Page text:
Though Minnesota-Duluth has won 3 national titles since 2011, Twin Cities sports fans have been enduring decades of postseason heartbreak.

The Gophers’ title game loss is just the latest entry among many datapoints.

Minnesotans, you may want to look away. Or if it’s more therapeutic, continue reading.

Gopher heartbreaks

1997: Ski-U-Mah! The Gophers win the Big Ten men’s basketball title for the first time since 1982 and reach the Final Four for the first time ever. Until it’s removed from the record books 3 years later because it’s revealed a staffer was doing the homework of most Minnesota players.

The Gophers haven’t made it to the second weekend of the NCAA Tournament since the scandal. And, officially speaking, still haven’t won the Big Ten since 1982. Or ever reached the Final Four.

So even when Minnesota succeeds in the postseason, it somehow doesn’t actually count.

2006: You may be wondering if it is even possible to experience heartbreak in something called the Insight Bowl.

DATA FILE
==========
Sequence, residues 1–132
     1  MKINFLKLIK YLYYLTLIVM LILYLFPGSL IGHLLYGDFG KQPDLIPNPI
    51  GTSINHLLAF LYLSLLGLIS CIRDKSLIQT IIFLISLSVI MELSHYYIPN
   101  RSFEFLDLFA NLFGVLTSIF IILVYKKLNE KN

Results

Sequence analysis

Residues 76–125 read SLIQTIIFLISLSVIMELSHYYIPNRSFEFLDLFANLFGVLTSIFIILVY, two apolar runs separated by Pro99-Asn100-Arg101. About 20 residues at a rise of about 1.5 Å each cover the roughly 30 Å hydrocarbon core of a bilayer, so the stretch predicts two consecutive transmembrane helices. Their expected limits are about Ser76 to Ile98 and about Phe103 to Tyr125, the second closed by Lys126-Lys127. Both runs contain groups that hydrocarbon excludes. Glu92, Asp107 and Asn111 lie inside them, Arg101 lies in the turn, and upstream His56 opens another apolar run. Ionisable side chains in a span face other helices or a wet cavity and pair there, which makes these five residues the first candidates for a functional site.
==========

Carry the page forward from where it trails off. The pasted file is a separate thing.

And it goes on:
If you’re Minnesota, the answer is “yes.”

The Gophers had the game well in hand against Texas Tech, taking a 38-7 lead midway through the third quarter. But Mike Leach’s Red Raiders stormed all the way back, winning the game 44-41 in overtime. The 31-point comeback set a bowl game record, which has since been tied but never topped.

Minnesota fired coached Glen Mason 2 days later. Mason, who reached 5 straight bowl games, is replaced by goofball Tim Brewster, who goes 15-30 in 4 seasons.

2015-present: The Gophers have lost 8 straight football games to rival Iowa. Though that’s not a postseason heartbreak by definition, the 2019 and 2021 losses prevented Minnesota from playing in the Big Ten championship game. It remains the 1 hurdle coach PJ Fleck is unable to clear.

Vikings heartbreaks

1969-76: The Vikings become the first NFL team to reach 4 Super Bowls. In the process, the Vikings also become the first NFL team to lose 4 Super Bowls.

1977-present: The Vikings haven’t returned to the Super Bowl for a 5th time because they are 0-6 in NFC Championship games.

1998: The most painful of those NFC title game defeats.